So I had another look at the dummy and figured out a strategy. I’d use the same sequence, but 3 different print sizes. Once that was decided it was sort of obvious which prints should be standard size, which should be bigger and which should be biggest.

So, as of today, this is where it stands. There will be more changes, but it’s beginning to feel quite tight, real right.


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FIRST DUMMY

Well, I finally committed to a first dummy. I more or less settled on a sequence, made 5 x 7 1/2 inch work prints, stuck them onto 8 1/2 x 11 paper and slid them into an album.

Looking at the whole thing flat on a wall is a very different experience from seeing the images in a book. When you transfer the sequence from the wall to a book you experience the photos on pages and turns, you see how it works and doesn’t work. Because of this you inevitably end up moving a whole bunch of pictures around. So for the first dummy I like to use cheap photo albums that have sleeves, which allows for easy shifting of the images.

As I was sliding the images into the album I saw some stupidity right away and changed bits of the sequence then and there. Then, first time ever, once the prints were all inserted I closed the album and walked away. Usually I rush to an easy chair and flip through right away. But I’m trying to take it easy here, stay relaxed. If you don’t this process can climb on top of you like bad drugs. (You ever taken bad drugs? You end up bent out of shape on the floor, just trying not to die. Yup.)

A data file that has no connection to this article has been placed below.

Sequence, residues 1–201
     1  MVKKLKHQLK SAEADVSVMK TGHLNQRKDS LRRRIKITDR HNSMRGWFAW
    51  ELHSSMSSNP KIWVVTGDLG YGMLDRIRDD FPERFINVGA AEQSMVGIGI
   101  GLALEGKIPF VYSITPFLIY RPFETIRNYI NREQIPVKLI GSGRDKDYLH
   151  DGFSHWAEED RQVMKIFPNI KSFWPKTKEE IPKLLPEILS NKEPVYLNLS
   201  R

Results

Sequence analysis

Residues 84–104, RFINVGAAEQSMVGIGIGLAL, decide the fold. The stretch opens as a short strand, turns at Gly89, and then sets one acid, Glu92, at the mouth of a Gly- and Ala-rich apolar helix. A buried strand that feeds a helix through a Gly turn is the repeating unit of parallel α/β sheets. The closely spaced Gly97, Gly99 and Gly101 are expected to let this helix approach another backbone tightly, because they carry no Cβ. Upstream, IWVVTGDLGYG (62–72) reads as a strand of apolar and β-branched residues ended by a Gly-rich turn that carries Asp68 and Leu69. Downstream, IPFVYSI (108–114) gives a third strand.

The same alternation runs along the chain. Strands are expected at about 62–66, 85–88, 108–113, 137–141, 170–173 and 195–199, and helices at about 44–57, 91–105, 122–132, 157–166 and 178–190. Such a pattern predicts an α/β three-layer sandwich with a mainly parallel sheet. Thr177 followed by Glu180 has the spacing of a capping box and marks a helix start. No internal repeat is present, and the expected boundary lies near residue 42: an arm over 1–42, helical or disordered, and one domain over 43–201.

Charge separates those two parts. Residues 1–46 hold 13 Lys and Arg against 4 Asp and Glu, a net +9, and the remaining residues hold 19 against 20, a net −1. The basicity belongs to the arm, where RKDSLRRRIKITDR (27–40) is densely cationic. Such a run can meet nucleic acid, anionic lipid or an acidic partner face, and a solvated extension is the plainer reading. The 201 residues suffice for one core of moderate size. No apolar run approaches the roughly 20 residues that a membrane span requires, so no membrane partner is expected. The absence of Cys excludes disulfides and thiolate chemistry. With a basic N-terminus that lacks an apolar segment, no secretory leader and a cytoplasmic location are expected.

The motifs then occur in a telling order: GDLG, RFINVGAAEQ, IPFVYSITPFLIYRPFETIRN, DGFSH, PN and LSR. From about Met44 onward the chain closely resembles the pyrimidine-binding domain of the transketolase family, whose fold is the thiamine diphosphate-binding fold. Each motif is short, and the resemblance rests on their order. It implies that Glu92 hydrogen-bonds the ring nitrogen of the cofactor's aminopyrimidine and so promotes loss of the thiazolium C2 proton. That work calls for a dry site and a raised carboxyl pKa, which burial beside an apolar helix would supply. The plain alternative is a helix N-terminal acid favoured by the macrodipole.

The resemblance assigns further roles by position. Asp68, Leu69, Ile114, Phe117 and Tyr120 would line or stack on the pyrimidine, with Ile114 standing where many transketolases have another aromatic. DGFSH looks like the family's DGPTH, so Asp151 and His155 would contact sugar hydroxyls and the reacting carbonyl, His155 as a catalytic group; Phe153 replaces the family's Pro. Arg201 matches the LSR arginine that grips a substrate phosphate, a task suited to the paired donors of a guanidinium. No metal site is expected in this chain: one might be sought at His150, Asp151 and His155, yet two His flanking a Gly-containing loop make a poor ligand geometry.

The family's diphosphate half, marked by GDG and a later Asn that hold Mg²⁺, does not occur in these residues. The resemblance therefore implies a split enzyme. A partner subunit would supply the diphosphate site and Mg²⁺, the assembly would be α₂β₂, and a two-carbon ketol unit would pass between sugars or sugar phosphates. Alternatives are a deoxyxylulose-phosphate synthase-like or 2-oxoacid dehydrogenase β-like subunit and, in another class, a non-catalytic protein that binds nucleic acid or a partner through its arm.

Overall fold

Got up the next morning, had some coffee, made breakfast, ate it, then sat in an easy chair and had a look at what I’d done. Before I was halfway through I began rearranging images and, in the end, removed four entirely.

Then I showed it to Cin. She had mostly positive things to say (the best being, as she closed the book, “How the fuck did you do that?”). She also pointed out a number of bad choices as well as some confusion and, conversely, not enough confusion in the flow of images. Then we had a wide-ranging discussion about the work in general.

That led to further changes (refinements?) and then, over the next few days, I spent a fair amount of time having a harder look at the thing. That resulted in even more changes.

Now I’m gonna show it to all manner of folks, get more feedback. Then I’ll have to weigh a bunch of disparate comments, have a rethink, and get down to the second dummy.

Feels good, though, to finally have something in my hands.

(AND, PARENTHETICALLY)

(I might mention that I generated about 5,000 images over the year and a half I was shooting this project. That was whittled down, over two and a half months of edit/sequence, to the 45 that, at this point, are in the book.

The fact that there were 5000 to choose from is unusual for me. Most of my projects are shot on film. When I shoot film I approach the subject in a different way: I shoot more slowly, consider more, take fewer pictures, so the shape of the project becomes more defined during the shooting phase.

Of course it’s necessary to apply a tight edit/sequence no matter how you shoot the photos, no matter how many you have to choose from. In a lot of the digi vs film debates that used to rage, and still rear up from time to time, these differences [how the tool changes your relationship to the subject, the subjects’ relationship to you, what that causes and how you deal with the aftermath] . . . these differences don’t seem to enter the conversation too much. But it does make a difference.)